How Devils Lake Got its Name
The name given the lake by Indians is “Minnewaukan,” “Minnie” (which means water) and “Waukan” (which means spirit), or Spirit Lake. The name has been misinterpreted by white people centuries ago.
When the whites first came here the Indians told them “Minnewaukan Seche” – (which means “Spirit Lake” is bad), referring to the fact that the water is salty and not suitable for drinking, but the interpretation given it by the whites was “Bad Spirit Lake” or Devils Lake, and thus the name has come down to us, as an unfortunate translation.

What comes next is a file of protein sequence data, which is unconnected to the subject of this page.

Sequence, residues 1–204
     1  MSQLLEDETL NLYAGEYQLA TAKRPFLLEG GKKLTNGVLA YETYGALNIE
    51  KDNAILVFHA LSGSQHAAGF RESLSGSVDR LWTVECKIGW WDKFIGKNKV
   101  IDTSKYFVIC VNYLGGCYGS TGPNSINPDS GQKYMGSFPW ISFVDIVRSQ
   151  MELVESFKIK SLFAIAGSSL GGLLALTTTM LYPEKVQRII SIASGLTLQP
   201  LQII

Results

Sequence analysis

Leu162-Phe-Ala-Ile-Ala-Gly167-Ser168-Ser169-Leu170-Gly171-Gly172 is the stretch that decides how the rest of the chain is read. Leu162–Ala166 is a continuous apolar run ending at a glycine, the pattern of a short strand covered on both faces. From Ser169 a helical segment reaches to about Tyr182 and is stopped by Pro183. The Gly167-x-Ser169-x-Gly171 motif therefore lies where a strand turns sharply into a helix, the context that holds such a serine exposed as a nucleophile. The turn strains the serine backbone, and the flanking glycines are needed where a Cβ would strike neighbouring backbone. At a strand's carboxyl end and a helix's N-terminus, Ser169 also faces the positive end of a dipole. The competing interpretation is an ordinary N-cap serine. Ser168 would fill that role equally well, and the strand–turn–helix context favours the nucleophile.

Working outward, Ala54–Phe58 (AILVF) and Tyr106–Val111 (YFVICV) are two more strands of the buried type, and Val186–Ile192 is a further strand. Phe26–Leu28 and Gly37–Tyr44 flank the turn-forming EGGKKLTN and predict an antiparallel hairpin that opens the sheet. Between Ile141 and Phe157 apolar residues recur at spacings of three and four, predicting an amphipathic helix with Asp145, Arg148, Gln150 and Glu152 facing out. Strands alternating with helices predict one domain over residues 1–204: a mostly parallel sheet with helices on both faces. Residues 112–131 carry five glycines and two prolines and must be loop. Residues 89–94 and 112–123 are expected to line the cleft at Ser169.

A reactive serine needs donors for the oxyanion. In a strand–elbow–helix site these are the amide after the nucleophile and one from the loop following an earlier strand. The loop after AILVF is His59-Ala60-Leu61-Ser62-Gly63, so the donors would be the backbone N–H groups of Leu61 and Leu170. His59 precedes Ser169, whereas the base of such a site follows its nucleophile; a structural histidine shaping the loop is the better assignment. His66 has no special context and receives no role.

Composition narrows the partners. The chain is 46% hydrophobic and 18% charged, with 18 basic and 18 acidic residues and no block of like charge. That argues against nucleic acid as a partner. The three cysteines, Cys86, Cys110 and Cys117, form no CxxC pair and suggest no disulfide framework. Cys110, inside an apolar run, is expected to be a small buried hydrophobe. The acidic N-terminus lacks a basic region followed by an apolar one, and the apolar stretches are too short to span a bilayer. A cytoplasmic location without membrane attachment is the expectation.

Devils Lake is in the neutral ground of the perpetual enemies, the Sioux and the Chippewas, and is regarded with superstitious dread by the Indians who have a legend that a terrific storm engulfed two large fleets of Sioux and Chippewas who were engaged in a fierce combat on its surface and all of the warriors were drowned.
For many years the Indian man never ventured on the waters of the lake, though thousands of them lived on the reservation along its southern shore.